I finally came to terms with myself: No, I am not perfect. I have a body and brain that make some things easy and other things difficult, and that is true for all clinicians. Some patients are emotionally easy-- they're smart, organized, and diligent. Others are a trial: they're whiny, disorganized, anxious, or rude; they don't do their homework; or they just don't try. But I will treat them all. Some have a diagnosis I've seen a million times (like a knee replacement), and others have something I've seen maybe once-- time to think!
No, I do not know everything, and no, I cannot fix everyone. (That's why it's called practice.)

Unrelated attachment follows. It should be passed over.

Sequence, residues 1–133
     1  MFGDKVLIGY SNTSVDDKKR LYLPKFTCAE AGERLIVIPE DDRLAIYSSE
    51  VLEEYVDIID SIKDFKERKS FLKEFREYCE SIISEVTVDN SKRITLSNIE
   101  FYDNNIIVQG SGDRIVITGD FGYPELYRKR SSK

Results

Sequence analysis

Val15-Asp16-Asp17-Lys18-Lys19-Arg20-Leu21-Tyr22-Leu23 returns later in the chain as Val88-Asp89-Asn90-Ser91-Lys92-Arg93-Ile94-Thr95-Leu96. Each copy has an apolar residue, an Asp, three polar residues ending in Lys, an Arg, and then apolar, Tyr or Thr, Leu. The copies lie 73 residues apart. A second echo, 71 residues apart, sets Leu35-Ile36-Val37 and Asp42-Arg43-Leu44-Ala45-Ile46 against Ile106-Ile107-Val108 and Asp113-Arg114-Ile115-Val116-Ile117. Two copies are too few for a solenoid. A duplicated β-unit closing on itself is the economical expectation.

Yes, I will get up every day and do my best. There is always something, somewhere, I can improve.
Yes, I will keep learning as much technical, professional information as I can along the way.
Yes, I will recognize that I have prejudices, issues, and weaknesses, and I will do my best to compensate for them.
Yes, I will seek wisdom, and by that I mean, understanding people and how they work.
That said.... I now know this:
- I must figure out the criteria for success in each workplace, and meet that. In other words, don't go fighting the last war.
- I will put just as much effort into your rehab as you do. Doing otherwise leads to frustration.
- I am my own instrument, and I need ongoing sustaining engineering (enough sleep, consistent strength training, down time, good diet) and development engineering (learning new skills and acquiring wisdom) to work well.
- Employers want you to treat the patient more than they really need (extra visits or, for inpatient rehab, more treatment time.) Don't fall for that. Insurers want you to treat the patient less than they really need, and I shouldn't let that fly either.